During the Q and A, one audience member angrily stood up and asked-”Why did this film get accepted into Sundance?” She then went on a rant against the film’s rather unsettling approach to its violence that resulted in scattered applause throughout the large Eccles venue. This was followed by her exit and many questions aimed at the director such as-”Why did you feel it was necessary to make the movie the way you did which seemed to glorify murder?” Director Michael Winterbottom answered-“I just loved the book and we adapted it word for word in an attempt to bring the book successfully to the screen.”

In this case, a film like KILLER INSIDE ME is certainly an independent film and deserves its screening at Sundance. Because, let’s be honest, as much as some of us may rush out to see Jessica Alba in a film-many studios would shy from buying/distributing a film which shining moment depicts her being brazenly beaten.

As I buzzed about I ran into the very talked about EXIT THROUGH A GIFT SHOP at the coveted Library Centre Theatre. This was the film about street art focusing much of its duration on the famous Banksy, a sort of Robin Hood graffiti artist who travels around the world stenciling art into the sides of buildings often with a liberal viewpoint at the forefront. This was clearly the place to be on Sunday night as it seemed well over a hundred people involved in the piece were in attendance to enjoy its debut.

And although, many would love to have had the slippery Banksy for a Q and A, fest director John Cooper merely read aloud a letter from the artist at the film’s intro. After the credits, everyone remained seated in hopes of a Q and A that would never happen as the lights came up and the podium remained empty. Sundance favorite Adrien Grenier was one of the many to remain seated with that hope in his heart. If this were an episode of Entourage, I am sure his loving bro Johnny Drama would have created some sort of distraction to unveil the true identity of the ever-mysterious Banksy.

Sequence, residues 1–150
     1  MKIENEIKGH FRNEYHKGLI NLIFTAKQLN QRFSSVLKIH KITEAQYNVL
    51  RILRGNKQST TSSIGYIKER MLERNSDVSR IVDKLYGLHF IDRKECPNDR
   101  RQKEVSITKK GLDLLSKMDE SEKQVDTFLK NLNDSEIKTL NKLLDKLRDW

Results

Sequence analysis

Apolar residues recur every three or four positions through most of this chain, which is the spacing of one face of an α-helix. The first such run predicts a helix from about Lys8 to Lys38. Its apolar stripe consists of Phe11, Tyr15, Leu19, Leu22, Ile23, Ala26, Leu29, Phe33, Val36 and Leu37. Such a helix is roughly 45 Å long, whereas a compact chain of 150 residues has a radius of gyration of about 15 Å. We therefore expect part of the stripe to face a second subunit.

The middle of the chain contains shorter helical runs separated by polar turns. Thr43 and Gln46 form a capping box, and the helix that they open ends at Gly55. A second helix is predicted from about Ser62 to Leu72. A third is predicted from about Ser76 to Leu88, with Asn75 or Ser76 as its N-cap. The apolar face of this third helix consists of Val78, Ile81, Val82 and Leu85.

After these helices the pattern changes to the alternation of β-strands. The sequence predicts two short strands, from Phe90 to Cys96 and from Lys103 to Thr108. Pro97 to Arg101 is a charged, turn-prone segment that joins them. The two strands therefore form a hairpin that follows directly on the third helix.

Many speculated Banksy was in the audience camouflaged as a normal audience member. Even as I disappeared to the restroom for a moment, a man in the Library hallway called out to me-“Are you Banksy?” And with a smile, I replied-“Maybe.”

Also in form last night was the always-epic Indie Moguls party at Deer Valley where pole dancers gave lessons and massages were free. Only at Sundance, I thought to myself.

On the bus ride home, many were speaking kind words in regard to the film about Joan Jett’s first band called THE RUNAWAYS starring Kristen Stewart and Dakota Fanning. Joan Jett herself was in attendance at the premiere and is scheduled to play a show at the trendy Harry O’s on Main St. later in the week.

More to come of course as the week pushes on. Today many rushed out to see the controversial 8: THE MORMON PROPOSITION. And I am sure; we will have reports on how this doc is faring at the fest later.

The snow has seemed to stop falling. The sun has started to show itself. And the festival will continue with what looks to be many more memorable moments.

Until next time…

JeffroGee out.